food-vegetables-italian-restaurant2. Make sure your child has slept and is well fed prior to the flight so he or she is regulated. Be prepared with food and water during the flight, especially if the flight is long. Gum chewing or sucking on a lollipop may be helpful to help regulate your child. Snacks such as chewing gum, dye-free licorice, crackers, nuts, and sweet/sour candies are a few ideas.

3. Bring a heavy object to help calm your child. Examples include a book, laptop, or a weighted blanket or vest.

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4. Try to schedule your flight during nap time or at nighhanging-out-trainer-young-79990t if your child is able to sleep comfortably on planes. If the flight is during the day, try and have your child run around and use his or her energy before the flight. Get your child engaged in some activities involving heavy work such as animal walks, pushing or pulling luggage, push ups, or big hugs from mom and dad. This proprioceptive input is extremely helpful for children, and can help to calm your child for the next leg of travel.

5. Have activities ready for the plane. Writing, coloring, reading, or even a movie. It can be a good time to practice fine motor skills.

6. Create a visual schedule for your child. Include everything from driving to the airport, waiting in the terminal, taking off, eating snacks to landing apexels-photo-273011nd getting luggage. This way your child will be prepared and feel less anxious about what to expect.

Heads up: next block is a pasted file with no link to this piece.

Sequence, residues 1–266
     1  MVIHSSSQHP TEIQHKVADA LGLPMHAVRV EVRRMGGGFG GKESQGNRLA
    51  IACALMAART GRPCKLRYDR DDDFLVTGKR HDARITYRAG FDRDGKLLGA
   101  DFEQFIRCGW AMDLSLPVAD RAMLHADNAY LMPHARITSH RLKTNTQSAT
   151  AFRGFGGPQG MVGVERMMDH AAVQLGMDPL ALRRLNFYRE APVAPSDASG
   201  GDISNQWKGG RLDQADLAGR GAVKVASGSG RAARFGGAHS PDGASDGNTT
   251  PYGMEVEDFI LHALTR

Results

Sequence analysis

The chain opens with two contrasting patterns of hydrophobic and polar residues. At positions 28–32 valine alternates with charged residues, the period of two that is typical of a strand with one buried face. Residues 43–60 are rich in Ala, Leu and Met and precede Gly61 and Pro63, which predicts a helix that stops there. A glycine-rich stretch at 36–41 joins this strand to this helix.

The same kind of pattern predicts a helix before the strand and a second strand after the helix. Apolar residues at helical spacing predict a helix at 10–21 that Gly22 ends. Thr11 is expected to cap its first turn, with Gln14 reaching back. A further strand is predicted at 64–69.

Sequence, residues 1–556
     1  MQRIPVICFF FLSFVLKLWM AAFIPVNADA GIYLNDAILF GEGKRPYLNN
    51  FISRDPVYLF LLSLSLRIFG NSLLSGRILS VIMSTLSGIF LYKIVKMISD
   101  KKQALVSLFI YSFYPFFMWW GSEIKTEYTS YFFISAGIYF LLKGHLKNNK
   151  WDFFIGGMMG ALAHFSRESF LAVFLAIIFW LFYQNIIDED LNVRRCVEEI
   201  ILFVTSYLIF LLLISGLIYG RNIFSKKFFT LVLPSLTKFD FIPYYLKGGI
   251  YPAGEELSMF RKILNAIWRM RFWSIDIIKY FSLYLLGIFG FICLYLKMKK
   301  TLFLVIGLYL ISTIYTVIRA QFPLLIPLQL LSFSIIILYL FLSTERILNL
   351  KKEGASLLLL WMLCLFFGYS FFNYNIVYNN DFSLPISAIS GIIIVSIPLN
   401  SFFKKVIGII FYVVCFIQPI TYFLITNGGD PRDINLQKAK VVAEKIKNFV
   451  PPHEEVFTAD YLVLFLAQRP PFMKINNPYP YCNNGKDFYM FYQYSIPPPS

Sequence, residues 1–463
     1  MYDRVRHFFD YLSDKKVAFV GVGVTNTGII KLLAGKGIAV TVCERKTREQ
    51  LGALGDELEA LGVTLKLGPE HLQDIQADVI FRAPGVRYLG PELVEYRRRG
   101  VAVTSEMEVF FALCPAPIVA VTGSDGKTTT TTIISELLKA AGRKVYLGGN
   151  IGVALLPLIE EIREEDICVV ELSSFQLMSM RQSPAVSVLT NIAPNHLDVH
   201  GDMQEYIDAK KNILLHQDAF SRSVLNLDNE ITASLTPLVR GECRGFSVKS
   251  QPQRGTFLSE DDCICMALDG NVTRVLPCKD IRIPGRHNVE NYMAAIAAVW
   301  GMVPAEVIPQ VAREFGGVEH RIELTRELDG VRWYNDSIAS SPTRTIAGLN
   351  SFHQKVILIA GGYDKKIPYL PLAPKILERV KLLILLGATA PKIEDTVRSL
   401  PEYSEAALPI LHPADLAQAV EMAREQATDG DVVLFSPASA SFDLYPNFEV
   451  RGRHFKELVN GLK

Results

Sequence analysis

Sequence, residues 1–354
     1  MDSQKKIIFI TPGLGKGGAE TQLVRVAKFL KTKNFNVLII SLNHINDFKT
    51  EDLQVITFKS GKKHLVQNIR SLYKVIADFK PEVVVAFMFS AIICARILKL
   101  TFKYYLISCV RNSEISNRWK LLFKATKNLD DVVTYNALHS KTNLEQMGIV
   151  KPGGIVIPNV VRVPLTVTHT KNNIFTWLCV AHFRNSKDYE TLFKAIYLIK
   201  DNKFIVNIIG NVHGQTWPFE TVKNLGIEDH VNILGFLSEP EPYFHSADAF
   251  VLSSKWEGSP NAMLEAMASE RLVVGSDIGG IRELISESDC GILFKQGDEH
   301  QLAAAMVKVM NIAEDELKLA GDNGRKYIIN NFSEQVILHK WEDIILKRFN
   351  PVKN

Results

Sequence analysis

7. Ask for help! To give yourself some down time, ask a family member or friend if they would be willing to travel with you and your child. Make sure your helper understands the importance of helping your child deal with and overcome any sensory challenges on the trip.

8. Call the airline in advance. Explain the concerns about traveling with your child. Many airlines can make arrangements to help you travel a little easier. Let the flight attendant or gate attendant know that you are traveling with a child with special needs who may need additional time to get on the plane.

9. Choose your seats ahead of time, if possible. You and your child may be walking the aisle often just to move around or explore the bathroom and galley area. Just make sure that you’re not blocking the way of the flight attendants as they do their job.pexels-photo-195477

10. Expect some ornery or bad-tempered passengers. It’s possible you might come across some people who have a low tolerance for children and general kid behavior. North Shore Pediatric Therapy suggests that you, write out small note cards explaining that your child has a Sensory Processing Disorder and that as a family/parent/caregiver, you are doing the best you can to travel with minimal interruptions to the routines of those around you. You could even offer nearby passengers earplugs to help block out any extraneous noises. This is definitely NOT a requirement and don’t do this if you don’t feel comfortable.

Although traveling can be a challenge, it can also be a very rewarding experience. With the right around of foresight and preparation, you can help you family have the trip of a lifetime!

Many of the items mentioned in this post are available for purchase in our Sensory Toys for Kids aStore.